The first point urged by the defendant is that the trial court erred in admitting the purchase price of the subject property into evidence. The defendant points out that the court asked him when he bought the property, that he answered, "1958" and that the court's next question was, "How much did you pay for it?" To which the defendant answered $26,000. Defendant testified that he purchased the property in 1958 but that prior to the purchase he had a contract to purchase. Defendant insisted that the trial judge misled the defendant into believing that he was compelled to answer as to the price he paid for the property. The test of admissibility of a sale is whether the sales price has probative value with respect to the present value. It has been consistently held that this question lies in the sound discretion of the trial court. City of Chicago v. Harbecke, 409 Ill. 425, 100 N.E.2d 616; County of Cook v. Colonial Oil Corp., 15 Ill.2d 67, 153 N.E.2d 844; City of Chicago v. Blanton, 15 Ill.2d 198, 154 N.E.2d 242.

[3-5] In view of the fact that defendant did not object to the presentation of the testimony, he is not now in a position to object. The defendant had the right to conduct his case without the assistance of counsel. In so doing, he is not relieved from observing the rules of procedure which his attorney would be required to observe. After having the advice of two attorneys and after being advised in detail of the difficulty of proceeding to trial without an attorney, defendant elected to exercise his right to represent himself and to try his own case.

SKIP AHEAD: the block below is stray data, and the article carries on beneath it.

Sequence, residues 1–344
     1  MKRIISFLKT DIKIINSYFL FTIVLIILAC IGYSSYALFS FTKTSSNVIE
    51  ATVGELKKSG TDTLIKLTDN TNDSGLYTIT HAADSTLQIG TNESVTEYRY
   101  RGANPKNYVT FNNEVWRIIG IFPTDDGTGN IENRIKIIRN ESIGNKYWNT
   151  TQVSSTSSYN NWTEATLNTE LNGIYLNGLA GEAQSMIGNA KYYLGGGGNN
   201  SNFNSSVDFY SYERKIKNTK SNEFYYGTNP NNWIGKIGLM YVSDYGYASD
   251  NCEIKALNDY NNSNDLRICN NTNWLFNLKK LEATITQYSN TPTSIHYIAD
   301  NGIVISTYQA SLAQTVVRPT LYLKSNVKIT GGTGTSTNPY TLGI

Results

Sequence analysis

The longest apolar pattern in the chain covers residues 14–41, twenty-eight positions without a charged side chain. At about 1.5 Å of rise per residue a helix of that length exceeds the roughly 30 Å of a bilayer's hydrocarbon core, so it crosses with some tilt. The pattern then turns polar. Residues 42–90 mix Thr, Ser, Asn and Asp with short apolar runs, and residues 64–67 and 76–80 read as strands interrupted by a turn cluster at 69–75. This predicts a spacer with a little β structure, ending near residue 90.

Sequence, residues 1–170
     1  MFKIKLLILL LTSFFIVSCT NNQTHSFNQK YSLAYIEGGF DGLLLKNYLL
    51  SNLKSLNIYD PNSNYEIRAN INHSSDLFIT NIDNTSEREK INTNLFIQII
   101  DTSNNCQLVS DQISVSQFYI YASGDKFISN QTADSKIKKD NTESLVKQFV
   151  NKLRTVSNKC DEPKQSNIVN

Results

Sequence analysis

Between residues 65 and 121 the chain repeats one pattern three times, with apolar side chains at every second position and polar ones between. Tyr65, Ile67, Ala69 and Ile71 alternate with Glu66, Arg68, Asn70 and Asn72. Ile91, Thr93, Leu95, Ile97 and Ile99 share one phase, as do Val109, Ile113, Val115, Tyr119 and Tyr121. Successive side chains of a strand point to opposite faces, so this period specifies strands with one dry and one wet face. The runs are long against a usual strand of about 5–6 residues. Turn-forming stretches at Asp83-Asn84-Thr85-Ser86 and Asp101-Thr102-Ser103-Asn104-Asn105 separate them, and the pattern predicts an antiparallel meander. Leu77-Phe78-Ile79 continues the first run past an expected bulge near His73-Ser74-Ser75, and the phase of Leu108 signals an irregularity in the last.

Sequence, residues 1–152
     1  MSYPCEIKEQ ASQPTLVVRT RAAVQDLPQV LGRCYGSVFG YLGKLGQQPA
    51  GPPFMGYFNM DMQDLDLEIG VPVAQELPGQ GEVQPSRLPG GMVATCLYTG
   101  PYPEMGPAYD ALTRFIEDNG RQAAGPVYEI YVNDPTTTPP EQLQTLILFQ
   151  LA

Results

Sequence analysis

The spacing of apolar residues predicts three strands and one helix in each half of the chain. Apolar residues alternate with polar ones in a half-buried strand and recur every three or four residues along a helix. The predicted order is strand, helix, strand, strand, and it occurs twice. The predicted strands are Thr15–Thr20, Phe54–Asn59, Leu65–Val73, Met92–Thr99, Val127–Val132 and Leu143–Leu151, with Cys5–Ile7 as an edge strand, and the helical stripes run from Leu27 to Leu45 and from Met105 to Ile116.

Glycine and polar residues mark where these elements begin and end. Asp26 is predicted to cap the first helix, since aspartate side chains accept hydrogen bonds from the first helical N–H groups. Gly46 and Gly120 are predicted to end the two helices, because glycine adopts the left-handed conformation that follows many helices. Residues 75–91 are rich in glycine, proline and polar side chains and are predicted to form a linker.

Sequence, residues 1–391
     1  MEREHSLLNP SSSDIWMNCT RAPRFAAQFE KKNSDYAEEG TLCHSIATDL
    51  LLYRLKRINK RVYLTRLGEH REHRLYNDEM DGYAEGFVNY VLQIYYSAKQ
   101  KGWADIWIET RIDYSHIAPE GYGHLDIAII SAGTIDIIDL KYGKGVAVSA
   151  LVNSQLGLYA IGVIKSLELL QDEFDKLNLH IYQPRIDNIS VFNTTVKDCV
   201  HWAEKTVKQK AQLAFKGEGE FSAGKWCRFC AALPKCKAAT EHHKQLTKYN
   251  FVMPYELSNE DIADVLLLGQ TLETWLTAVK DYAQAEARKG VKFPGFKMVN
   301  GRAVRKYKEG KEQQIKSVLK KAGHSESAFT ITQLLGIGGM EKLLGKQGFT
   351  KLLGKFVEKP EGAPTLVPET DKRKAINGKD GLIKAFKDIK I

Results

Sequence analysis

Secondly, the defendant maintains that the trial court erred in not striking the "prejudicial and improper argument of counsel for the City." Objections to alleged improper argument cannot be first urged on appeal. Lanquist v. City of Chicago, 200 Ill. 69, 65 N.E. 681; County of Cook v. Holland, 3 Ill.2d 36, 119 N.E.2d 760. We disagree with the contention of the defendant that the counsel for the City made an improper or prejudicial argument.

Finally, the defendant argues that the verdict was a result of passion and prejudice and should be reversed. A careful examination of the record convinces us that there is no basis for this assertion. The verdict of the jury was within the range of the testimony in a fair trial in which the defendant was given a broad latitude in the presentation of evidence and argument and the jury was fully instructed on the law pertaining to the issue. The jury also viewed the property. For these reasons the judgment is affirmed.

Judgment affirmed.

LYONS, P.J. and BRYANT, J., concur.